Crete earthquake hits tourist hotspot sparking tsunami warning for Brits in Greece

Travellers in tears over earthquake in Crete

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The earthquake hit the popular tourist hotspot around 9.30am and there warnings were issued of a tsunami. The underwater quake prompted a “small tsunami” in the south of the Greek island.

The earthquake struck the east coast of the island, 10km under the village of Palekastro, according to the US Geological survey.

The village is near popular British tourist destinations, including Agios Nikolaos, a beautiful coastal town in Crete.

There have been no reports of serious injury or deaths in the aftermath of the powerful earthquake.

The latest quake comes soon after another powerful earthquake on September 27 that killed one man when the roof of a church caved in.

Local authorities said emergency crews were checking for damage to buildings in Eastern Crete after the latest quake.

Crete’s deputy regional manager, Yiannis Leondarakis, said: “The quake was felt all over the island, and it did cause concern because we are still feeling the aftershocks from the previous quake.”

The earthquake in September caused serious damage to many buildings and left many people from Heraklion homeless.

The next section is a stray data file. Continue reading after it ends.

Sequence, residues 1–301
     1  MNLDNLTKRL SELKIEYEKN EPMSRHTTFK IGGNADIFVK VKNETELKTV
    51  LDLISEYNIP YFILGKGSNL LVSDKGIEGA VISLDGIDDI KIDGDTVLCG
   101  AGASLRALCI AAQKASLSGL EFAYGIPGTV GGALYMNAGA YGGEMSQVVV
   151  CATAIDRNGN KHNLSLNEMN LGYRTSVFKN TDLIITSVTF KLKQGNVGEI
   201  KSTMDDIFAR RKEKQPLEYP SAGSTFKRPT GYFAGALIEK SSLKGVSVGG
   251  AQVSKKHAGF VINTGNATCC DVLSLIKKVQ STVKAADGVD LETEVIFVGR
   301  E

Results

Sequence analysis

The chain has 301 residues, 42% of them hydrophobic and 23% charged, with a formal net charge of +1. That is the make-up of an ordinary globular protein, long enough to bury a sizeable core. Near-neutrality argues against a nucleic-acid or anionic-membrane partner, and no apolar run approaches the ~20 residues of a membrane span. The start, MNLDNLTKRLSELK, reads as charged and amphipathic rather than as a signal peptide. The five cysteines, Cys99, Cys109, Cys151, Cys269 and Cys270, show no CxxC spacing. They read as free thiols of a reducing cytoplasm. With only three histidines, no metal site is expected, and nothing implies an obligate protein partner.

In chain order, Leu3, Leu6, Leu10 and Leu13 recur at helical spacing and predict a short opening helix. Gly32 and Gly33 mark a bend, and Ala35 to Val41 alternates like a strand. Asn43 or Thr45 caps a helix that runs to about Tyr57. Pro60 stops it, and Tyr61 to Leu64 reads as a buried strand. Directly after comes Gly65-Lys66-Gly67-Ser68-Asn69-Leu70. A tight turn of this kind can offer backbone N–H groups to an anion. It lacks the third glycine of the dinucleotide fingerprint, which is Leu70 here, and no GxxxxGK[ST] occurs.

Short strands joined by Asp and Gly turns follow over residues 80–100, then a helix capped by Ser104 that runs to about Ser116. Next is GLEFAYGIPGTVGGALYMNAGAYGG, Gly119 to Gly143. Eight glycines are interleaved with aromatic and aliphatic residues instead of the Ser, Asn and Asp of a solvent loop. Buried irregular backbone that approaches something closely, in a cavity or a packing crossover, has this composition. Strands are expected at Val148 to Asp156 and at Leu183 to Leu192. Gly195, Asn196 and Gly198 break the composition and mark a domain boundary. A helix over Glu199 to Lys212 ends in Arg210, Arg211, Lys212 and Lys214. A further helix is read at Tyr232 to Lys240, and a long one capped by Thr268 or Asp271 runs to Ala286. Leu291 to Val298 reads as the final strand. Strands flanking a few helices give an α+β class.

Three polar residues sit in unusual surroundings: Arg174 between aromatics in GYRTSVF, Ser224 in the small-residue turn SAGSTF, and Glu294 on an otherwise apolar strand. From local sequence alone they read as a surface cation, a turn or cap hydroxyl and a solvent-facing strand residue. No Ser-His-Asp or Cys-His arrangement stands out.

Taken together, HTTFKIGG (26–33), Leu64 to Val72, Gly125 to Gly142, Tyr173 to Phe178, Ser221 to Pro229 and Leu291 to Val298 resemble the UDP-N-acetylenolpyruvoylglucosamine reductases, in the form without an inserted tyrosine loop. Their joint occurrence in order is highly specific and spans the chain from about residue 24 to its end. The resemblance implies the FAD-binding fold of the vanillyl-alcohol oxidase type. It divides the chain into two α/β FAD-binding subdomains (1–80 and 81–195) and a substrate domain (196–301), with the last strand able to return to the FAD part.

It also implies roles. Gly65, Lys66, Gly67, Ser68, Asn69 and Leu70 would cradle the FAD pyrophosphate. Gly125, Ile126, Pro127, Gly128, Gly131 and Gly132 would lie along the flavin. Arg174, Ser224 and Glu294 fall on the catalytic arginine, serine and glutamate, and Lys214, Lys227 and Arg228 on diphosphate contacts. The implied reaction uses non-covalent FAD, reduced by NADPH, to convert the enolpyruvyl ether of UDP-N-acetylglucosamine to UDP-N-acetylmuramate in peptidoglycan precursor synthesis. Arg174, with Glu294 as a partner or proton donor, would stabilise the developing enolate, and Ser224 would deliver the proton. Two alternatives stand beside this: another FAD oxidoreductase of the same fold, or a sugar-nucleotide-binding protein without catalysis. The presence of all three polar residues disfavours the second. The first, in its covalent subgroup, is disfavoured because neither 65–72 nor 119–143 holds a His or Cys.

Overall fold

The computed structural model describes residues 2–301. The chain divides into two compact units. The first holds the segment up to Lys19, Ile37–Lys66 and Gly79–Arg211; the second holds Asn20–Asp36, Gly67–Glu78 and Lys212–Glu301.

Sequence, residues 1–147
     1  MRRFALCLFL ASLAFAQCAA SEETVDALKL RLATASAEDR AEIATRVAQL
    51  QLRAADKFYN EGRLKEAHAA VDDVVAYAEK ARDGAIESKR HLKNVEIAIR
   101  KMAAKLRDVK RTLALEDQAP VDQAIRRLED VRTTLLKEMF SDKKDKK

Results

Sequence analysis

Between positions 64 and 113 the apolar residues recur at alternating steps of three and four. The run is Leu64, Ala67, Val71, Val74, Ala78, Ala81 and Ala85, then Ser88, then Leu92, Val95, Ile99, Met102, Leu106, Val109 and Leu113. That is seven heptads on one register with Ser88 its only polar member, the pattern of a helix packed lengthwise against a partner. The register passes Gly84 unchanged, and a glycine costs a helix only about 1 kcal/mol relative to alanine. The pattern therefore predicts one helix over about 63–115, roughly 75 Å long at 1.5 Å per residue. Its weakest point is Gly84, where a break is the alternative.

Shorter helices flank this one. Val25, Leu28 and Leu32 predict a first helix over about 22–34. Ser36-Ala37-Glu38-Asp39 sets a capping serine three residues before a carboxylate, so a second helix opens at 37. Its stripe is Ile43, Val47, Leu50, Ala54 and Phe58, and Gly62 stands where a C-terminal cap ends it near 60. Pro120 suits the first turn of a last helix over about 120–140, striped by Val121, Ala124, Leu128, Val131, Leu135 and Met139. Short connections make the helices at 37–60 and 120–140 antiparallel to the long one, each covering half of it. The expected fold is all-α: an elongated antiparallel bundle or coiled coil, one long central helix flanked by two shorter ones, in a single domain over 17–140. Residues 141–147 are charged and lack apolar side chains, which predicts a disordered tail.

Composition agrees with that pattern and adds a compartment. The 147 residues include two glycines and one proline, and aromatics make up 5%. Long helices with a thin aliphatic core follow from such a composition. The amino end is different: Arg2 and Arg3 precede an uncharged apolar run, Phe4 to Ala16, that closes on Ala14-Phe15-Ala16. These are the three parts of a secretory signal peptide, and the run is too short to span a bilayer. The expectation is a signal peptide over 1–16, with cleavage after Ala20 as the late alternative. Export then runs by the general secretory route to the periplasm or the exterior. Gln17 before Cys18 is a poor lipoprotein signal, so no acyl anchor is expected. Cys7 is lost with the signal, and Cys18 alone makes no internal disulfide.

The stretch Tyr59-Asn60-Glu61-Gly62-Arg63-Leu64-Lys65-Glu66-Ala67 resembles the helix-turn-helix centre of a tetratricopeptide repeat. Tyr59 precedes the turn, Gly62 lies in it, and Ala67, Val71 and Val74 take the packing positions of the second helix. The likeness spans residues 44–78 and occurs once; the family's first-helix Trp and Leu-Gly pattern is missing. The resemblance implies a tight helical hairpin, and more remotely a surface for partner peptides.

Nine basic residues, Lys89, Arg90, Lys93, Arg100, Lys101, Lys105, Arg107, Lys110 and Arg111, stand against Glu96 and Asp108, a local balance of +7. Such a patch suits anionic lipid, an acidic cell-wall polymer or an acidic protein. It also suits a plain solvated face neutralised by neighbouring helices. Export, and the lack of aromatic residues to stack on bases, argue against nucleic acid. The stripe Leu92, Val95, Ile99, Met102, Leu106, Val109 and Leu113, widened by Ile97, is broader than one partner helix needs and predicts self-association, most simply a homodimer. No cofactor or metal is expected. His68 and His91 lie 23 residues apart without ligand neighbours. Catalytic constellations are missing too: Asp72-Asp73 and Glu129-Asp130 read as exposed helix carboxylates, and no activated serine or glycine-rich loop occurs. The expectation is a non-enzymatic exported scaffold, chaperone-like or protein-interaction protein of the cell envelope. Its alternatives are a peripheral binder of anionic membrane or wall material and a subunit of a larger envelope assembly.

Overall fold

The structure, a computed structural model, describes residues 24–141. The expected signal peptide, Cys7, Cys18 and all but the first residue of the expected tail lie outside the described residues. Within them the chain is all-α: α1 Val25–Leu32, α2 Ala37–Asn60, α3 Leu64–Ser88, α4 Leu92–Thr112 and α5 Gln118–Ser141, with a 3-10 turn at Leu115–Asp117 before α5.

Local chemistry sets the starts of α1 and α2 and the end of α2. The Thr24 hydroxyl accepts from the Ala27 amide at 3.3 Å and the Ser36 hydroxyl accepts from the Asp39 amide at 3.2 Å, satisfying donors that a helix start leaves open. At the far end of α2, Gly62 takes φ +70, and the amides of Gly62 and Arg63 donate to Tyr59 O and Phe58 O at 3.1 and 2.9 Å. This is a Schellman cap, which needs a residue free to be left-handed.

Tuesday’s quake was felt as far away as Cyprus and rockslides were widespread across Crete.

An hour after the quake hit a Greek seismologist released data showing a tsunami happening offshore.

He said: “A small tsunami is under way in southern Crete. Keep away from coastal areas.”

Aftershocks of 4.1 and 4.5 magnitude followed the earthquake and videos from the incident showed people rushing from their homes as tremors shook the earth.

Local people described the sea receding before the powerful quake struck and said it impacted the island for at least 20 seconds.

Alexandra Papathanasaki, a local community head, said: “The sea was sucked in, the rocks appeared and then the quake happened.”

Antiquities in a local museum at Sitia were reportedly damaged but no other serious damage has been reported.

Experts said they did not think Tuesday’s earthquake was related to the powerful earthquake in September.

Mr Leondarakis said: “Fortunately, there doesn’t appear to be any serious damage despite the fact that it was a strong event and occurred at a shallow depth.”

Many people on the island of Crete remain homeless after the devastating earthquake on September 27.

About 2,500 people were left homeless and housed in emergency tents after the quake damaged their homes.

Earthquakes are fairly common in Crete as the island sits on fault lines. It is a popular destination with British tourists.

Any British tourists in Crete are advised to follow advice from local authorities and check the UK Government website for updates.

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